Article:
Trying to build a more sustainable world can feel daunting and full of loose ends. Perhaps that is the problem: we are fixated on using the term build. When we think of building we think of heavy infrastructure or scaling new technologies from scratch. We do not think of the more subtle solutions of the natural world; a world that does not build but grows and recycles. It adapts.
Carbon capture technologies have been receiving a lot of attention recently. Orca, the carbon removal plant housed in Iceland and conceived by the Swiss, started its operations in early September. Orca inhales CO2 from the atmosphere, mixes it with water and sends it deep into the earth’s surface for it to mineralise.
Annually, the plant will extract roughly 4000 tonnes of CO2 emissions. According to Our World in Data the UK was responsible for close to 370 million tonnes of CO2 in 2019. As you can see there are some obvious scalability issues here, particularly given the millions of dollars price tag.
Given the urgency of the climate crisis, we clearly cannot rely on these technologies alone. We don’t even know if there will be any second-order effects involved in the process, which would certainly increase the cost from a non - pecuniary perspective. Sustainability requires working with nature not simply mimicking its processes.
Another well-documented form of carbon capture involves seaweed farms. Not only does seaweed act as a carbon sink but the algae is used in a number of foods, fertilisers and cosmetics. A charity called The Climate Foundation are hoping to incubate a more productive growing environment for seaweed by artificially upwelling the water using various renewable-energy powered turbines.
Whilst this provides a more subtle form of geo-engineering than Orca we again still don’t know what the local ecological impacts may be of these turbines. Provided we expand our definition of technology we have a whole spectrum of carbon capture technologies. The range being how symbiotic they are with the natural world. In essence, are they nature-based solutions or not? Perhaps regenerative agriculture, which involves rebuilding carbon-sequestering topsoil by restoring its degraded biodiversity, is a step closer to the symbiosis. At least for this we have a second-order effect of nutrient-dense food production.
Julia Watson, an architect and expert on nature-based design, spent years travelling around the world to study indigenous technologies. An example being the deep-rooted tree bridges of the Khasi people from Northern India; which tame the effects of the monsoon. These solutions promote adaptation and symbiosis with the natural world. Or in her words: ‘Indigenous technologies advance Darwin’s theory from survival of the fittest to survival of the most symbiotic.’
Carbon capture technologies such as Orca are easily marketable pieces of technology. Yet in regenerative agriculture it is not just the process mimicking the natural world, but the whole operational design is built around the natural system. Trying to sell this form of technology is perhaps a little trickier. It is harder to market healthy soil and seaweed than a carbon removal plant in Iceland. ere is an asymmetry of publicity that perhaps doesn’t reflect the holistic efficacy of nature-based solutions over current geo-engineering projects.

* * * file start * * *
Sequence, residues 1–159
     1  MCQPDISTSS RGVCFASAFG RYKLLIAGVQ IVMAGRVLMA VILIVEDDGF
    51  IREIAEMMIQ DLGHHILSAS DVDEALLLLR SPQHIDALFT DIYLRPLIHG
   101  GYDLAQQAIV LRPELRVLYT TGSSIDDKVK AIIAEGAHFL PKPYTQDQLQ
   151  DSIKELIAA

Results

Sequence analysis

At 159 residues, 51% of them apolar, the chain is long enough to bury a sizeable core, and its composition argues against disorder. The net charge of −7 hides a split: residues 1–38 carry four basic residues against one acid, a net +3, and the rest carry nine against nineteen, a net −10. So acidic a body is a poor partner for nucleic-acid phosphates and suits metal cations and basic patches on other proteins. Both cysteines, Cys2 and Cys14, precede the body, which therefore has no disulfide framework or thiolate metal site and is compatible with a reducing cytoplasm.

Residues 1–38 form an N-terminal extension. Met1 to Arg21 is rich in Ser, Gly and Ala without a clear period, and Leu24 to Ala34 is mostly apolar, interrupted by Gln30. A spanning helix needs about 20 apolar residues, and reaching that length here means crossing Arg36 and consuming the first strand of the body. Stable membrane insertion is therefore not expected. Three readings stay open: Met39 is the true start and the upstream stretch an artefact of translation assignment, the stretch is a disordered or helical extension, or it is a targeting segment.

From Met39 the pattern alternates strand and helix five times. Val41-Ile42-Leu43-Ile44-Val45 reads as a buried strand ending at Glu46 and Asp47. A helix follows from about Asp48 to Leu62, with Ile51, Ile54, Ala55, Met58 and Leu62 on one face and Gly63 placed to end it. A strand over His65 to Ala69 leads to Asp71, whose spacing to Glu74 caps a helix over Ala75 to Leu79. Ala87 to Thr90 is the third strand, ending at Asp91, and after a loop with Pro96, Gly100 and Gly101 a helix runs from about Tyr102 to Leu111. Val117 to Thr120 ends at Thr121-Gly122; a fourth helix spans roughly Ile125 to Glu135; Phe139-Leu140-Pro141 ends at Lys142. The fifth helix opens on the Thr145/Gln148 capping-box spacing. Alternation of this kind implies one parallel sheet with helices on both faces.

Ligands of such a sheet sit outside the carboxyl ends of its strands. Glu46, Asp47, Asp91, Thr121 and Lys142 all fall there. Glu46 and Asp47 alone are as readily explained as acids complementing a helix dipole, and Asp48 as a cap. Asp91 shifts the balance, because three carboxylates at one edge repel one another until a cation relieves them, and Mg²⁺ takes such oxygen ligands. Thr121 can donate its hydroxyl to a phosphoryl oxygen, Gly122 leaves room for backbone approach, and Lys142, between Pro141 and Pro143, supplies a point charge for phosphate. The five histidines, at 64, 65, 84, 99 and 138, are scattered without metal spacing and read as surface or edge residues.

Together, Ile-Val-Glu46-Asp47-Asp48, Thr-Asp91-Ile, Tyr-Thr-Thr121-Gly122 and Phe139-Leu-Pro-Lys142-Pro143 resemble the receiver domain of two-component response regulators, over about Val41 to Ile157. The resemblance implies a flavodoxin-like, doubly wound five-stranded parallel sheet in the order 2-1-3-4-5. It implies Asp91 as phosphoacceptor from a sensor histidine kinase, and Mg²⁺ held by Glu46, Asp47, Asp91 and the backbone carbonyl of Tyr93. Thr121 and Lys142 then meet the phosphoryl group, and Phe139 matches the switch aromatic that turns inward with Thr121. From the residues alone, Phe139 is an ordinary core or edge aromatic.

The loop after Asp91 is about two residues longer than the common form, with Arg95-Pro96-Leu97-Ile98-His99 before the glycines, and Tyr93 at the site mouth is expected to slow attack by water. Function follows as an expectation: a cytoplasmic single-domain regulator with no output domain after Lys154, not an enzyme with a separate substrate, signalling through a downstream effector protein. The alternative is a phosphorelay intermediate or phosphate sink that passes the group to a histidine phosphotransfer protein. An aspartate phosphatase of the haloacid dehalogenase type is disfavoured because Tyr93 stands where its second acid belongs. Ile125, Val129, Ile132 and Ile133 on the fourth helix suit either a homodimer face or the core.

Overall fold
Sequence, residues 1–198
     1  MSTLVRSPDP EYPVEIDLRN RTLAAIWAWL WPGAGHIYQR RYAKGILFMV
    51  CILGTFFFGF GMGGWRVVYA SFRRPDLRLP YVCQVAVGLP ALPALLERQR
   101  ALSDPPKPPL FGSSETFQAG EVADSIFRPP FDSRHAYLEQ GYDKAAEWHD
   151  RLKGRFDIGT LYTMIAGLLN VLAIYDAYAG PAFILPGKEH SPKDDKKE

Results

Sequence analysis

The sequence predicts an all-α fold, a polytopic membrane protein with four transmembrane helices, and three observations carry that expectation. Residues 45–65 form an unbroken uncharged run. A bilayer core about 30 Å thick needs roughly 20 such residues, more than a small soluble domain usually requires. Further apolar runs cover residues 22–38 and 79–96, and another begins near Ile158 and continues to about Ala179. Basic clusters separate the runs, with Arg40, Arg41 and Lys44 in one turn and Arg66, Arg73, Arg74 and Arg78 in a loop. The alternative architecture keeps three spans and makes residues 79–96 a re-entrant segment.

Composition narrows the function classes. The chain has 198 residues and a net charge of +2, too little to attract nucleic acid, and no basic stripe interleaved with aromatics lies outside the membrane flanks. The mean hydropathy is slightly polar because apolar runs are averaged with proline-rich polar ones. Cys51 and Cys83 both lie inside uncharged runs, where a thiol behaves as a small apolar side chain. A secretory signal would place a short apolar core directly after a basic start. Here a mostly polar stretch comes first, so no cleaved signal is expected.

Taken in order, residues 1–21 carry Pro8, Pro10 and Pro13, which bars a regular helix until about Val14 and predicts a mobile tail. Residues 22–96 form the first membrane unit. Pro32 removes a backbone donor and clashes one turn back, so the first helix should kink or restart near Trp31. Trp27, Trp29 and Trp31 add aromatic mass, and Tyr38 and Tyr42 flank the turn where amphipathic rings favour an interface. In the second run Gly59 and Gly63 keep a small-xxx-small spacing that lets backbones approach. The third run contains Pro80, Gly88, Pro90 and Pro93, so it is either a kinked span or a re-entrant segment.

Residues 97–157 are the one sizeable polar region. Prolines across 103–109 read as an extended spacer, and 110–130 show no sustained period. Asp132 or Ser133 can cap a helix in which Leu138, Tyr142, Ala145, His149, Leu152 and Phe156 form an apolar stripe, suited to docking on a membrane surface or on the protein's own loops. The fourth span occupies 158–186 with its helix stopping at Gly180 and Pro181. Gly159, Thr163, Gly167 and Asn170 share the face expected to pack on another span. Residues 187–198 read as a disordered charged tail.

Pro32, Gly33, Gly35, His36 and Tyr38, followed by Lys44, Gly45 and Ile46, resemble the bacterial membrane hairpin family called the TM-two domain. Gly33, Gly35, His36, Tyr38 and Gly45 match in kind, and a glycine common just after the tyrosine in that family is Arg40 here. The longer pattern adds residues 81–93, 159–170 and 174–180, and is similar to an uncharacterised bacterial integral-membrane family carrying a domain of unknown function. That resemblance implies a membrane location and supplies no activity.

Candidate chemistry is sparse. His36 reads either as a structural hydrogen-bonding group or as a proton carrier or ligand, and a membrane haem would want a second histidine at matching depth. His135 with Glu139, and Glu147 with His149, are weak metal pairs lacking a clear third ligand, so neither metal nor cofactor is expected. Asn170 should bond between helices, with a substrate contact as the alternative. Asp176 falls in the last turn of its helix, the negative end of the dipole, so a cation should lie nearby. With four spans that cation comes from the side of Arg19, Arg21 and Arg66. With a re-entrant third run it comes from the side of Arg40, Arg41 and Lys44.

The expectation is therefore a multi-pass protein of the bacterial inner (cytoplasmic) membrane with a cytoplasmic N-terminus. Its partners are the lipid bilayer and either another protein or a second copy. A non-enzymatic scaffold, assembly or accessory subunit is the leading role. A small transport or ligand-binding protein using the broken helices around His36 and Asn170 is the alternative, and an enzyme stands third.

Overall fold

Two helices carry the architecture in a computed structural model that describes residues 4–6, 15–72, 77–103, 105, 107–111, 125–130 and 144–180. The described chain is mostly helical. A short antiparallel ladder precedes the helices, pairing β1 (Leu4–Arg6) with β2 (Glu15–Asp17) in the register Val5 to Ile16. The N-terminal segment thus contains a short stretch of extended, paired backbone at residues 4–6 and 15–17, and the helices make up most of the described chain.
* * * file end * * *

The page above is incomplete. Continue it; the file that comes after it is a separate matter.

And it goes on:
So why does this matter? Well, we need to consider the economic concept of opportunity cost. Building a sustainable future cannot fall exclusively to engineering. Nor do we have the time or resources to do so. We have to way up the opportunity cost of our efforts. The concept stems from our limited resources; time being one of them.
We need to expand our definition of technology when thinking about solutions as there will not be one panacea to climate change, let alone one silver bullet in tackling the CO2 problem. Technology is not the monopoly of the laboratory. We have to couple this with nature-based solutions.
Creating a more sustainable world will need to involve technologies from both the tacit knowledge that Karl Polanyi described as well as the more explicit form of knowledge more prevalent in our classrooms. Tacit knowledge is found aplenty in nature based solutions and is ubiquitous in indigenous technologies. e Orca plant is a manifestation of the more explicit form of knowledge.
So what is the right balance when we are looking at environmental technologies such as carbon capturing? It is not just a question of engineering, but of economics and ecology. Whilst we should be looking to scale and develop technologies such as Orca we need to end the Aristotelian mean between using these engineering feats as well as those technologies that are more symbiotic with the natural world. We need to account for the second-order effects of such projects and consider not just net-zero, but sustainability beyond this.
‘Build Back Better’ has been caricatured and over-exhausted during the Covid-19 pandemic. No one really knows what this means. However, if the slogan includes trying to build a more sustainable world then we likely need to think about both adaptive and preventative technologies; both nature-based solutions and engineering solutions.
Sustainability cannot be achieved by further distancing ourselves from the natural world but by aligning with it. The almost negligible impact of the Orca project shows that we need nature-based solutions for both short-term adaptation and long-term sustainability.